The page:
列举5项不必要的游戏创新之举

作者:Steven Bogos

随着时间的发展,游戏作品的层次也在节节攀升。其编程更加先进,图像更趋于照片的现实感,创新功能也迅速被次世代游戏所接纳。在90%的时间中,这些创新属于受人欢迎的增值,但有时候某些创新却像是狗皮膏药一样老粘在游戏行业中。以下是我希望 开发者取消的5项创新。

1.再生命值

第三次世界大战爆发了。我与俄罗斯/韩国/一般的阿拉伯恐怖分子作战,他们压制了我所在的小团队。我试图脱身并迎面遭到枪击。这并没有什么不妥,因为我可以在墙体后躲上片刻。虽然命值包是一个可笑的概念(玩家可以用绷带和止痛药治愈枪伤),它们至少可以增加一种玩法的紧迫感。在玩《半条命》的时候,因为有一波又一波的敌人在慢慢逼近,我无法躲在墙体后一动不动。如果我被枪击中,我就会耗损命值,我就得去找一个医疗包或者命值包。这里我还要加上再生弹药,原因也同样如此。你不知道《军团要塞2》决定保持命值包和医疗包时,我有多放松。

列举5项不必要的游戏创新之举

regenerating health(from criticalmissive)

2.高及膝盖的墙体

我玩过一款动作RPG/第三人称射击游戏。我进去的第一个房间凌乱地堆积着许多低劣、高及膝盖的墙体。这让我第一时间想到的就是躲在这些掩体之后,以免被坏人击中。这几乎与我第一点提到的现生命值绑定在一起,但似乎今天的游戏若不能让玩家躲在及膝墙体之后,并举起枪向后盲射就不能算完整一样。《战争机器》可谓这种设计的一个主要来源,虽然它在掩体系统上的确表现出色,但其他游戏不加以选择地盲目照搬就有问题了。

3.开放世界的沙盒

不要误会,我喜欢沙盒游戏。我一直是个《侠盗猎车手》(以下简称GTA)粉丝,《Sleeping Dogs》是我最喜欢的去年发布的游戏之一。有时候你并不想玩沙盒游戏,有时候你想玩立体方格铁架,有时候你想玩滑梯,总之都可以在游戏中如愿。我喜欢初版的《Red Faction》,但《Guerrilla》的沙盒游戏却让我讨厌。与此相似,我并不期待《Prey 2》,因为我真的喜欢原版游戏中令人回想起《毁灭战士》和《雷神之锤》式的线性FPS情节。“线性”已经成为游戏行业中一个令人讨厌的词,开发者正争先引入“沙盒世界”来避免这种情况。

4.快速反应事件

你们都知道这指的是屏幕中常出现的“摁压X键来取胜”这种设计。快速反应事件上是低劣开发者的支柱,他们常制作冗长而频繁,或者无聊得无法吸引玩家的过场动画。在设计一个过场动画时,开发者应该自问:“这个过场动画需要快速反应事件来令其生效吗?”如果答案是肯定的,那就要果断抛弃并重新制作。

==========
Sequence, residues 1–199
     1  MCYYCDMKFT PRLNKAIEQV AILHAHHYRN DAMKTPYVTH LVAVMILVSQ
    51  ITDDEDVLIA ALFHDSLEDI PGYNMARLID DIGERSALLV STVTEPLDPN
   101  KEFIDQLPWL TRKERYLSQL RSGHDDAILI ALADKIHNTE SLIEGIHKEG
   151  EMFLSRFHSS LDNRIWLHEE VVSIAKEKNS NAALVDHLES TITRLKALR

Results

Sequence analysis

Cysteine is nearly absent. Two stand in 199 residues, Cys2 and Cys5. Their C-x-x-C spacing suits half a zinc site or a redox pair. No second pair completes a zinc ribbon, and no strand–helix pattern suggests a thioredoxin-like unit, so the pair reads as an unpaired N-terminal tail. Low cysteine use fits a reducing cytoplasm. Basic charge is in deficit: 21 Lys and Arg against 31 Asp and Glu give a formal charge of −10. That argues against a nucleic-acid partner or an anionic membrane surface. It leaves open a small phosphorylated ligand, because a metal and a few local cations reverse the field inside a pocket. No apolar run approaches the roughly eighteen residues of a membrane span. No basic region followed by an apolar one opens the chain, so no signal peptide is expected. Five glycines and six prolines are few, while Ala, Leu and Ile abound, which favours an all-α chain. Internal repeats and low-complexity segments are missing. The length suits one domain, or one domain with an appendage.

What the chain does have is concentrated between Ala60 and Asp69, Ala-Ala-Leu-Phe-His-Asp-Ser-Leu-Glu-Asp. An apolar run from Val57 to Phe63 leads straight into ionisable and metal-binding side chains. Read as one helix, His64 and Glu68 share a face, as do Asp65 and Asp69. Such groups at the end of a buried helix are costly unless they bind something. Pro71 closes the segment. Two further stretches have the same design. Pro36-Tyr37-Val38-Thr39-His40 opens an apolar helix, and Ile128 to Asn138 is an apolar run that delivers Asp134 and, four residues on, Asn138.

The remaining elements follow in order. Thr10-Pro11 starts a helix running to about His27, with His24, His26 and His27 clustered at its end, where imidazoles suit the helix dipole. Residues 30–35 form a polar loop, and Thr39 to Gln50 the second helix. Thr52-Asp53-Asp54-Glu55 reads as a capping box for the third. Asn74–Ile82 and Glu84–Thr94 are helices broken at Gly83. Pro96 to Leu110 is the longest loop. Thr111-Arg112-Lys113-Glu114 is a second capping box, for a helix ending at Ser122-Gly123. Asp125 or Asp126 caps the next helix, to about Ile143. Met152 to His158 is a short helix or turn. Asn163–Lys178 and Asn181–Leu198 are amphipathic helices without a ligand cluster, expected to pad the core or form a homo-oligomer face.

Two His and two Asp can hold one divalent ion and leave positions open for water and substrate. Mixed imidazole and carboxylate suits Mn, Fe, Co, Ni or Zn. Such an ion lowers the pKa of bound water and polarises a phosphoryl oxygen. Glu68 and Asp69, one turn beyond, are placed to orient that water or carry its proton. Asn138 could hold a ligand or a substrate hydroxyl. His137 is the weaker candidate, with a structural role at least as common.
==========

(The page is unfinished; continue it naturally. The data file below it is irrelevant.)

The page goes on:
5.围绕简单模式而设计的游戏

你玩电子游戏的水平很差,没有关系,我也有一些自己玩得很不拿手的游戏。比如,我在战斗游戏方面就很不在行。我并不认为人们不擅长玩电子游戏有什么问题,也不要误会我,我所抱怨的就是围绕简单模式而设计的游戏。游戏设计曾经以折腾和蹂躏玩家为主,如果游戏实在太过困难,你可以调整其中某些元素,令其更加简单——例如降低敌人的命值条,给予玩家无限的弹药,减少敌人数量等等。现在,多数游戏设计似乎都选择了最简单的设置,如果玩家想要更高的挑战就可以提升难度设置,并增加敌人的命值条和损害数量等。问题在于,仅仅增加难度并不会令游戏更具挑战性。你理解吗?游戏并不是围绕敌人在困难模式中的额外命值所设计,因此导致游戏常常令人受挫而不是富有挑战性。这还会导致开发者为了提高难度而赋予敌人一些“廉价”的能力(例如自动瞄准)。

这就是我目前对游戏行业的5个最大成见。它们多数时候不会给游戏设计增加好处,实际上在削弱游戏设计。各位的看法如何呢?你最讨厌哪些游戏创新?

原文发表于2013年6月6日,所涉事件及数据以当时为准。(爪游控

OPINION: Five Gaming Innovations I Wish Were Never Innovated

by Steven Bogos

As the years go by, games tend to get better. The programming becomes more advanced, the graphics become more photo-realistic and new innovations are introduced that are quickly adopted into the next generation. 90% of the time, these innovations are welcome additions, yet occasionally we’ll get a particularly nasty one that for some reason will stick to the games industry like a dog turd to your brand new sneakers. Here are the top five things I wish developers would just lose their boners over already.

1.      Regenerating health

The third world war has broken out. I’m fighting the Russians/Koreans/generic Arabic terrorists and they have me and my squad pinned. I step out to try and offer some cover fire and I get shot in the face with a shotgun. It’s K, though, because I can just hide behind this wall for a few seconds and I’ll be fine. While health packs aren’t any more ridiculous of a concept (heal gunshot wounds with bandages and painkillers), they at least had the benefit of adding a sense of urgency and care to your gameplay. In the days of Half-life, I couldn’t just stay behind a wall as waves of bad guys slowly got closer. If I got shot, I lost health, and I had to go and find myself a med pack or a HEV battery. I’ll add regenerating ammo to this point too, for the same reason. You have no idea how relieved I was that Team Fortress 2 decided to stick with health packs (and the medic).

2.      Knee-high walls